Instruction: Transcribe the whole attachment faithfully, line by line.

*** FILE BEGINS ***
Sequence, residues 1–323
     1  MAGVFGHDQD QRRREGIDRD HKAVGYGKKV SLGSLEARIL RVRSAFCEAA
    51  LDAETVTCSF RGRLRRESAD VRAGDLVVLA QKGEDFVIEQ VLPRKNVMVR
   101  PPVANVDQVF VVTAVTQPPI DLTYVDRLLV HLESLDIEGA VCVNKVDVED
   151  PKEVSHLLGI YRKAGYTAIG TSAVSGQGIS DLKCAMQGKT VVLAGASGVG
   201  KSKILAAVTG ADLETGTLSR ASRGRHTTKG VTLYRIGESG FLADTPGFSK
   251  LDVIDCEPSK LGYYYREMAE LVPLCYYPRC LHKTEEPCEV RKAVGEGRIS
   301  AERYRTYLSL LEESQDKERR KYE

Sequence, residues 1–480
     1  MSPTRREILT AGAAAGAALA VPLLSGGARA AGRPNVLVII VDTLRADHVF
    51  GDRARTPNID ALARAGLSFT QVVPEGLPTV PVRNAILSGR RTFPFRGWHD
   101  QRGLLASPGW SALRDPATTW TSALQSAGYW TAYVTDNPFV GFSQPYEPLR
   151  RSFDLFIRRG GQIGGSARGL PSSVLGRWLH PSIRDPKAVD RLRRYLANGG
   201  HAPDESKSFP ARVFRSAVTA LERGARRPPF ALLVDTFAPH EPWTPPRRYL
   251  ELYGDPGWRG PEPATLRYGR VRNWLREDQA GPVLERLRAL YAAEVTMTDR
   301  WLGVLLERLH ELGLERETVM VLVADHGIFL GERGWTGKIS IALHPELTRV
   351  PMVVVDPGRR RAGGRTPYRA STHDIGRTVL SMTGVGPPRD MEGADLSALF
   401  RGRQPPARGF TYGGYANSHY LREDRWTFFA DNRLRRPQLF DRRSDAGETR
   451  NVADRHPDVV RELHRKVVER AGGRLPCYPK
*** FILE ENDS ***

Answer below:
Sequence, residues 1–323
     1  MAGVFGHDQD QRRREGIDRD HKAVGYGKKV SLGSLEARIL RVRSAFCEAA
    51  LDAETVTCSF RGRLRRESAD VRAGDLVVLA QKGEDFVIEQ VLPRKNVMVR
   101  PPVANVDQVF VVTAVTQPPI DLTYVDRLLV HLESLDIEGA VCVNKVDVED
   151  PKEVSHLLGI YRKAGYTAIG TSAVSGQGIS DLKCAMQGKT VVLAGASGVG
   201  KSKILAAVTG ADLETGTLSR ASRGRHTTKG VTLYRIGESG FLADTPGFSK
   251  LDVIDCEPSK LGYYYREMAE LVPLCYYPRC LHKTEEPCEV RKAVGEGRIS
   301  AERYRTYLSL LEESQDKERR KYE

Sequence, residues 1–480
     1  MSPTRREILT AGAAAGAALA VPLLSGGARA AGRPNVLVII VDTLRADHVF
    51  GDRARTPNID ALARAGLSFT QVVPEGLPTV PVRNAILSGR RTFPFRGWHD
   101  QRGLLASPGW SALRDPATTW TSALQSAGYW TAYVTDNPFV GFSQPYEPLR
   151  RSFDLFIRRG GQIGGSARGL PSSVLGRWLH PSIRDPKAVD RLRRYLANGG
   201  HAPDESKSFP ARVFRSAVTA LERGARRPPF ALLVDTFAPH EPWTPPRRYL
   251  ELYGDPGWRG PEPATLRYGR VRNWLREDQA GPVLERLRAL YAAEVTMTDR
   301  WLGVLLERLH ELGLERETVM VLVADHGIFL GERGWTGKIS IALHPELTRV
   351  PMVVVDPGRR RAGGRTPYRA STHDIGRTVL SMTGVGPPRD MEGADLSALF
   401  RGRQPPARGF TYGGYANSHY LREDRWTFFA DNRLRRPQLF DRRSDAGETR
   451  NVADRHPDVV RELHRKVVER AGGRLPCYPK